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{ Category Archives } programming

Windows win32k.sys menus and some “close, but no cigar” bugs

Welcome after one of the more lengthy breaks in the blog’s activity. Today, I would like to discuss none other than several interesting weaknesses around the implementation of menus (like, window menus) in the core component of the Microsoft Windows kernel – the infamous win32k.sys driver, also known as the “Java of Windows” in terms […]

Black Hat USA 2013, Bochspwn, slides and pointers

(Collaborative post by Mateusz “j00ru” Jurczyk and Gynvael Coldwind) Two weeks ago (we’re running late, sorry!) Gynvael and I had the pleasure to attend one of the largest, most technical and renowned conferences in existence – Black Hat 2013 in Las Vegas, USA. The event definitely stood up to our expectations – the city was purely […]

Changing the cursor shape in Windows proven difficult by NVIDIA (and AMD)

If you work in the software engineering or information security field, you should be familiar with all sorts of software bugs – the functional and logical ones, those found during the development and internal testing along with those found and reported by a number of complaining users, those that manifest themselves in the form of […]

CONFidence 2013 and the x86 quirks

Another week, another conference. Just a few days ago, Gynvael and I  had the pleasure to attend and present at the CONFidence 2013 infosec conference traditionally held in Cracow, Poland. The event requires no further introduction – it has been simply the best Polish conference in the security area since it first started, and this […]

NoSuchCon’13 and crashing Windows with two instructions

The first edition of the NoSuchCon security conference held in Paris ended just a few days ago. Before anything else, I would like to thank all of the organizers (proudly listed at nosuchcon.org) for making the event such a blast! Both the location, venue and speaker line-up were amazing, with lots of free beer and […]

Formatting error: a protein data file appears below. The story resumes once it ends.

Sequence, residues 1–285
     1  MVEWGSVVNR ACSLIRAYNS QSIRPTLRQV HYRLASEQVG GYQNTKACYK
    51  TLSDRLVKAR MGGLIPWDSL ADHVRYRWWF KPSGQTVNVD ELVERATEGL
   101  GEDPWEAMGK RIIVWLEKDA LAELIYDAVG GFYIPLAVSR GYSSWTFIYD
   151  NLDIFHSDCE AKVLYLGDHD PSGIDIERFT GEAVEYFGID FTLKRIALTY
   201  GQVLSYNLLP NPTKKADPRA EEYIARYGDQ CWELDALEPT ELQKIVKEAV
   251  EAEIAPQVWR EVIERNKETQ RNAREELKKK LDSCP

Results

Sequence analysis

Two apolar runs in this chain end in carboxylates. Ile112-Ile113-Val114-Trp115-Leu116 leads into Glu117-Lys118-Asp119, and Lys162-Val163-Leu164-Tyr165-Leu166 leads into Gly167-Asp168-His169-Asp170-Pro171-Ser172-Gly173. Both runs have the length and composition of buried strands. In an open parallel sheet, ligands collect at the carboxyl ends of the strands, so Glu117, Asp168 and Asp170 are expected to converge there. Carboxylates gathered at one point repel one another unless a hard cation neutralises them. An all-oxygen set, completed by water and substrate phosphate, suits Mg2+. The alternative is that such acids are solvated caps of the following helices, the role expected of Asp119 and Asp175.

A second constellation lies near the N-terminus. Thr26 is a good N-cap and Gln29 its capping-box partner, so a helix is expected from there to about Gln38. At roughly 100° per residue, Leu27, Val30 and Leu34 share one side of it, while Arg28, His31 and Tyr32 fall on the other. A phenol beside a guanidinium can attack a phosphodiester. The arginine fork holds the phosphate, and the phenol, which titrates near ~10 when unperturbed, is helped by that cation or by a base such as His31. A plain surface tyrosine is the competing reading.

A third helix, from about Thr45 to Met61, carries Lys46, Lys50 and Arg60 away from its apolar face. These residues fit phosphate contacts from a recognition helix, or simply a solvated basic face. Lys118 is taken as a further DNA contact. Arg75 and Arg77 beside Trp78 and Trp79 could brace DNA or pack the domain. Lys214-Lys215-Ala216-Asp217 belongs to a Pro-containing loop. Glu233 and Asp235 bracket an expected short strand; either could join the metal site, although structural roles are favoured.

A story of win32k!cCapString, or unicode strings gone bad

In the most recent blog post (“Fun facts: Windows kernel and guard pages”), we have learned how the code coverage of kernel routines referencing user-mode memory can be determined by taking advantage of the fact that kernel-mode code triggers guard page exceptions in the same way as user-mode does. Today, I will present how the […]

Fun facts: Windows kernel and guard pages

It has been a while since I last posted here, so I guess it’s high time to get back to work and share some more interesting Windows kernel internals goodies. Before we get to that, however, let’s start with a few announcements. First of all, there is a number of great infosec conferences coming up […]

Defeating Windows Driver Signature Enforcement #3: The Ultimate Encounter

I hope you haven’t got bored with bypassing the Driver Signature Enforcement mechanism (present on all 64-bit Microsoft Windows operating systems since Vista) just yet – in either case, stay calm… this is going to be the last post of the series. After using multiple drivers shipped with the OS in the default configuration to […]

Defeating Windows Driver Signature Enforcement #1: default drivers

One of the obvious things about the Windows operating system for anyone actively working on its kernel security is that the Driver Signature Enforcement (DSE in short) is not effective and can be bypassed with relative ease by any determined individual. From a historical perspective, the “feature” was introduced in the 64-bit build of Windows […]

Nullcon 2012 CTF

(Collaborative post by Mateusz “j00ru” Jurczyk, Gynvael Coldwind and Adam Iwaniuk) Friday, the 7th of September 2012 we were supposed to play the securitytraps.no-ip.org CTF. Unfortunately, the competition was postponed for a later date at the last moment, due to some significant technical problems. Next day evening we accidentally discovered another CTF taking place – […]